The development came almost 15 years after Megrahi’s trial, but only two days after the broadcast by PBS Frontline of a three-part documentary My Brother’s Bomber. Trailed by a long article in the New Yorker, the film was made by Ken Dornstein, a former Frontline staffer whose older brother David was one of 270 who died when Pan Am 103 was destroyed over the Scottish town of Lockerbie on Dec. 21, 1988.

Libyan agent Ali al-Megrahi, who was convicted by a Scottish tribunal for the bombing of Pan Am 103 over Lockerbie, Scotland, in 1988. Megrahi, who always asserted his innocence, died in 2012.

Libyan agent Ali al-Megrahi, who was convicted by a Scottish tribunal for the bombing of Pan Am 103 over Lockerbie, Scotland, in 1988. Megrahi, who always asserted his innocence, died in 2012.

The documentary reveals that Masud was named by a German judge as the technical expert responsible for the 1986 bombing of the La Belle nightclub in Berlin. That attack, which killed three, including two U.S. servicemen, and injured many more, led to the U.S. air strikes on Libya, for which Libya allegedly took revenge with the bombing of Pan Am 103.

Megrahi flew with Masud from Malta to Libya on the morning of the Lockerbie bombing having, according to the prosecution, placed a suitcase containing a bomb on an Air Malta flight to Frankfurt. The unaccompanied suitcase was allegedly transferred to a feeder flight to London Heathrow and again at Heathrow on to Pan Am 103.

Megrahi denied knowing Masud, yet the two men were on other flights in the run-up to Lockerbie and, according to the film, Masud was in the car that met him on his return to Libya in 2009, following his release from prison in Scotland.

Before I comment, a declaration of interest. I worked for Megrahi for three years as a researcher and following his return to Libya, and, at his request, wrote his biography. I was also a paid consultant during the early stages of Ken Dornstein’s production and, although I disagree with his conclusions, am on good terms with him.

There is no doubt that Libya supported terrorist groups and that at least one Libyan, Musbah Eter, who was an official at the Libyan People’s Bureau in East Berlin, was involved in the La Belle bombing. Eter was convicted for his role following a confession in which he implicated his co-accused, Palestinian Yassar Chraidi, Lebanese-born German Ali Chanaa (both of whom worked at the People’s Bureau) and Chaana’s wife Verana.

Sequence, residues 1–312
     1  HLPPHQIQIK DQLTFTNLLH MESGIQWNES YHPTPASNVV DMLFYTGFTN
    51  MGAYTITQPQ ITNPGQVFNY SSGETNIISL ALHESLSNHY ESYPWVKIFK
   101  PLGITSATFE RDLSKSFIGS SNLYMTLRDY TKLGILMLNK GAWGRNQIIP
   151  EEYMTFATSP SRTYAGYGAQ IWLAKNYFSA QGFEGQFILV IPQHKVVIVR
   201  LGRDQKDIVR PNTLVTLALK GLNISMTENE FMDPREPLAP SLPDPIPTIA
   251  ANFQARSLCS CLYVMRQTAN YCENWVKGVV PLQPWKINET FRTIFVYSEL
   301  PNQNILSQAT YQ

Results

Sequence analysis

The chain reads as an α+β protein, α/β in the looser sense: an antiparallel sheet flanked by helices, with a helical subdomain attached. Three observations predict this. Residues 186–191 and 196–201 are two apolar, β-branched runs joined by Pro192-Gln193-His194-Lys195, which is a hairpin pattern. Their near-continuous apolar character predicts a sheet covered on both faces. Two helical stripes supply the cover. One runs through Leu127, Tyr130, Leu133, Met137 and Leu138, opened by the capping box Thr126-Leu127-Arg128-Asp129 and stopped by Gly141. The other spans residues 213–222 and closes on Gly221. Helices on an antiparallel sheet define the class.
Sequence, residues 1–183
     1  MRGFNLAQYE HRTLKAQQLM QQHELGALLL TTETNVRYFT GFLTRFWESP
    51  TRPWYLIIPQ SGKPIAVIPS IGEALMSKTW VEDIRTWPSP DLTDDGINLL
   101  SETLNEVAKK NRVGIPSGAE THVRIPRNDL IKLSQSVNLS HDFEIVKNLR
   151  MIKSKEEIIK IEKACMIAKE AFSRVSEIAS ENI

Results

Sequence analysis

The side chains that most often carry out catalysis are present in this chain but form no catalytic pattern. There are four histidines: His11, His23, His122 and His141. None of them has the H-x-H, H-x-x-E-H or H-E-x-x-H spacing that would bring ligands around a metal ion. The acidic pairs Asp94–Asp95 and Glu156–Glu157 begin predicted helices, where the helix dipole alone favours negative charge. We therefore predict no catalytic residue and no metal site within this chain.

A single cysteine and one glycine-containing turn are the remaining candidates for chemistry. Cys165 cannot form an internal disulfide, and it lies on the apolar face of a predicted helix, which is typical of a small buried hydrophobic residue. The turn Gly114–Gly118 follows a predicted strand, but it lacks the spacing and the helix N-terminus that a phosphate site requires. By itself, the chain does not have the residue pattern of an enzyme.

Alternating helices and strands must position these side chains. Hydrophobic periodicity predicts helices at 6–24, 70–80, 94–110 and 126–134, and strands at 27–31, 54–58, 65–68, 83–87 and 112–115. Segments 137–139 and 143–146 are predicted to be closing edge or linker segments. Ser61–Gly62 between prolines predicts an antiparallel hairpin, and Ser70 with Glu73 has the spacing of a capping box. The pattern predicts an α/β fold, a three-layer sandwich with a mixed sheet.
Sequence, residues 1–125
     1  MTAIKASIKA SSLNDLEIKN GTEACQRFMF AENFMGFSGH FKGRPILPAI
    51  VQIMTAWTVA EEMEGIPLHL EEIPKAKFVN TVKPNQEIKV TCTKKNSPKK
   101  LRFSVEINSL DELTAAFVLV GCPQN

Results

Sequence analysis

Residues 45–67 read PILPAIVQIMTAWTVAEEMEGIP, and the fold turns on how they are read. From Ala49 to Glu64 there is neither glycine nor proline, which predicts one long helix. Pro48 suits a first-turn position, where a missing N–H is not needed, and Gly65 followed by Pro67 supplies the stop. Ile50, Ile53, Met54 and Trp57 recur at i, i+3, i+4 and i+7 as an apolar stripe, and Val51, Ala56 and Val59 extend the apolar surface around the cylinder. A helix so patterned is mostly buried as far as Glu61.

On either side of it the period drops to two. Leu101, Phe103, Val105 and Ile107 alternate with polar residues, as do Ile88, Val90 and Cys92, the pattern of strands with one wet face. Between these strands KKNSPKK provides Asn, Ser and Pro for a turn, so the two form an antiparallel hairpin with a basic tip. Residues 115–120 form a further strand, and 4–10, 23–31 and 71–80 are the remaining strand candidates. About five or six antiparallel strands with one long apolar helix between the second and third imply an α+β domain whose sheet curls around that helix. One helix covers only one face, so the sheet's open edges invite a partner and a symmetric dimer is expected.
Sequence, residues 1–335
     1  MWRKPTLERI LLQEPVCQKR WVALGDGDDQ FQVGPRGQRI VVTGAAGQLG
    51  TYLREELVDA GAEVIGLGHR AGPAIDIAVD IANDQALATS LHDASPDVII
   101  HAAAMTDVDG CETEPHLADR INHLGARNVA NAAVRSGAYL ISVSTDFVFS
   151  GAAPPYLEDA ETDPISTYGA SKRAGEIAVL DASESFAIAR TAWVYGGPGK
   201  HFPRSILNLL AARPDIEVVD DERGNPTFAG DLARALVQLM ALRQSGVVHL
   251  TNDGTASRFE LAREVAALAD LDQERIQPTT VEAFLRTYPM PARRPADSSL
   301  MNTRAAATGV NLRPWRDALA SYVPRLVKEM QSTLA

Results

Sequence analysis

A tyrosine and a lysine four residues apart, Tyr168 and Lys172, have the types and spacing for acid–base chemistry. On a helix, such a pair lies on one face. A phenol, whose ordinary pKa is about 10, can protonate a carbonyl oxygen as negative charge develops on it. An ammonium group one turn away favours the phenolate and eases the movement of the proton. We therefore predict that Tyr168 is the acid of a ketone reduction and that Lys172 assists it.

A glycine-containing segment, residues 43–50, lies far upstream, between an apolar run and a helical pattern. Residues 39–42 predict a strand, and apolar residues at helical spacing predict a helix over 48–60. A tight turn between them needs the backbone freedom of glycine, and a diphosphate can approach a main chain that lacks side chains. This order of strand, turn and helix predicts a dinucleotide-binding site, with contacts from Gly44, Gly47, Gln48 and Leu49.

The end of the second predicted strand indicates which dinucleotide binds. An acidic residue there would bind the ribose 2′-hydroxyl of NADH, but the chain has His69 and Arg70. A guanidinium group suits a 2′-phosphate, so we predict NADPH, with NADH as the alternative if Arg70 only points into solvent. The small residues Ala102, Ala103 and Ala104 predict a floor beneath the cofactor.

He implicated a number of others, including Masud, whom he described as a bomb technician. Masud was never apprehended for the bombing and when German prosecutor Dethlev Mehlis went to Libya to interview witnesses all denied his existence — as did the Libyan witnesses in the Lockerbie case.

Less Straightforward

There is also no doubt that the La Belle case is far less straightforward than portrayed in the film. At the time of the bombing, the Reagan administration was involved in a large, secret and dirty war against Libya. From the time Reagan took office in 1981 his government exaggerated the country’s role in terrorism, which it claimed — falsely — was central to a Soviet-directed global conspiracy against the West.

At the same time, the Reagan administration downplayed the role of equally active terrorist states Syria and Iran. There were two reasons for this: firstly, those countries held far greater strategic power in the Middle East than Libya; and secondly, their militant proxies held U.S. hostages in Lebanon. The hostages’ safe return was an obsession that led the administration into the Iran-Contra scandal.

Under the direction of CIA’s rabidly neocon director, William Casey, the Agency launched a massive covert campaign against Libya, aimed at toppling Gaddafi. It was run from the National Security Council by the same people who ran the Iran-Contra operation, including Oliver North.

Disinformation was central to the campaign. In 1981, the CIA put out a false story that Gaddafi has sent a hit squad to the U.S. to assassinate Reagan. The White House played along using an unmarked car to drive Reagan while decoy limousines were used to dupe the non-existent gunmen.

By the mid-1980s, the White House hardliners were hungry for an excuse to attack Libya and NSC staff drew up plans to provoke Libya in to a response that would provide the excuse they needed. Naval exercises were conducted off the Libyan coast in which Libyan vessels were hit and territorial water repeatedly violated.